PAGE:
Addiction expert Anne Brown says friends and family must confront suspected abusers before it’s too late
After a lengthy investigation, Whitney Houston’s cause of death has been determined. Houston was determined to have accidentally drowned on February 11 following an apparent heart episode with cocaine as a contributing factor.
Many already suspected substance abuse played a role as Houston had a history of addiction that she was trying to overcome.
“Whitney Houston’s death is a tragic reminder of how little we really know about successfully treating addictions (and must still learn from science),” said Anne Brown, PhD, RNCS of Aspen Progressive Addiction Solutions. “Many people cannot talk their way out of their addiction. Whitney knew she was her own worst enemy. It appears Whitney may have made a mistake or miscalculated her substances. The pain of her loss will be felt by many forever and yet that was never her intent.”
When it comes to drug or alcohol addiction – or any other addiction, for that matter - there’s no one more important in the life of the addict than the friends and family around him or her. It’s rare when addicts decide on their own that they’re in trouble and need help; therefore, it’s up to those around them to intervene and help rid their loved one of that addiction.
“How many women see their friends getting into a car after getting too much to drink and picking up their children?” Brown asked. “Every opportunity you get you have to intervene.”
Like this story? Check out: Dr. Joseph Shrand on the Importance of Trust
Brown says many people write off someone’s substance abuse problem as something that may only happen once in awhile – but that’s not a good excuse.
“I think the most challenging part of addictions is, at the time the individual has to make the best decision of his life [to get help], his brain cells are in the worst of shape,” Brown said. “The call to action really is for the loved ones, because that’s usually how someone stops. For someone to stop pretending their friends, their loved ones, their parents, their husband, their wife, is not in trouble.”
“Be aware of somebody that you love because it’s such a tearing thing to sit down with them and say ‘I’m really concerned, you appear to be out of control. You need to get some help,’” she added.
Brown offered several tips for sitting down to confront a loved one about their problem:
- Be ready to be disliked. “You have to understand, they’re not going to thank you … but you sit down with them” anyway.
- Do NOT organize a group of people to sit down with someone for an intervention when you yourself haven’t tried talking to the potential addict one-on-one. Try saying: “Hey, I love you. I’m concerned.” And you have to give evidence of a problem. You can’t just say “you’re drinking too much.”Have specific dates and instances ready.
- Choose a time to talk when everyone is sober, and start the conversation with something like: “I’m really concerned about you. I love you. I know you wouldn’t want to be doing the things you’re doing. I want you to get some help.”
- If talking doesn’t work, use leverage - something like telling the addict you’re going to run a sober house, you won’t serve alcohol at get togethers, or you won’t go with the addict to parties when alcohol is being served. “You limit yourself, you take yourself out of situations you’re concerned about. The worse thing you can do is say you’re going to do it then not do it. Then they know they have you.”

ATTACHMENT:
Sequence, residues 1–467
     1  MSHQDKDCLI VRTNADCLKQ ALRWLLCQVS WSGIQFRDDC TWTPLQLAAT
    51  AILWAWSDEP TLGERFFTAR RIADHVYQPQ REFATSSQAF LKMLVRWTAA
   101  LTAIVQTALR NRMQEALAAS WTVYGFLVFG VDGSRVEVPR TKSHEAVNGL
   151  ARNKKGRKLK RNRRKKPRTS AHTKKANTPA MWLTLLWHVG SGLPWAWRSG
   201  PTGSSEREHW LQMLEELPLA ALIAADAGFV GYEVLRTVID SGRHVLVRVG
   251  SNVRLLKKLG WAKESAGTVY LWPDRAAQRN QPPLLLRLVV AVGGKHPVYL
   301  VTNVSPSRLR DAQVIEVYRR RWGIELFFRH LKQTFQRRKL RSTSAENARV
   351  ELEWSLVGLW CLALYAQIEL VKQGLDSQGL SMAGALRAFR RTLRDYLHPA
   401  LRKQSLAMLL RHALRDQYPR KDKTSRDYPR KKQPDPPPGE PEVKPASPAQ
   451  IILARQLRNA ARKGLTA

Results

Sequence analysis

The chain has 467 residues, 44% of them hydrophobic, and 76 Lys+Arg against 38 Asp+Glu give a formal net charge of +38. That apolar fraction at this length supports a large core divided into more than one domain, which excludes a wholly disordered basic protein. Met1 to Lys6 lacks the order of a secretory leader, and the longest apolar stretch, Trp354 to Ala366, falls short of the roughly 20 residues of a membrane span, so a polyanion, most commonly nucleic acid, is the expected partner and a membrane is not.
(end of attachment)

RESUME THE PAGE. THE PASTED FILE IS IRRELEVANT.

Nine times out of 10, Brown said, her patients come to her saying no one ever had such a conversation with them about their problem. She encourages everyone to take a good, hard look at their circle of friends and family, or someone else in your life that perhaps you or others have gossiped about. Chances are, you know at least one person who may have some type of substance abuse problem.
“If you’re not talking to that person, then you’re participating in enabling,” she said. “It really is about getting a backbone – regardless if someone yells at you.”
Brown’s book, Developing Your Backbone: The Science of Saying No, helps people do just that. It helps empower people during interpersonal interactions, helps them speak authentically, and teaches “people pleasers” to implement “Backbone tools”: The ability to say ‘No’ with dignity, make requests, and speak authentically, which can radically change one’s life.
“All of us need Backbone Tools,” Brown says about her book. “When you bump up against the Bernie Madoffs of the world and they can’t tolerate requests, it is time for you to move on before you find your wallet empty. The people in 12 step programs can greatly enhance their recovery by reading this book. I believe for most people struggling with addictions, including eating disorders, and the friends and families of those struggling with addictions, there is a component of people pleasing. Women who have been abused or are being abused AFTER they are in a safe environment need Backbone skills. If they learn these skills early in life they will have the tools to avoid abusive, toxic situations.”
The latest version of Brown’s book, The Science of Saying No: The Power of Developing Your Backbone, is now available on iTunes and on Amazon.com in digital format with an accompanying workbook.
- For more daily expert updates, follow genConnect on Twitter and Facebook.
- To stay on top of Dr. Anne Brown’s latest posts, as well as the contributions from other experts on the site: Sign Up for genConnect.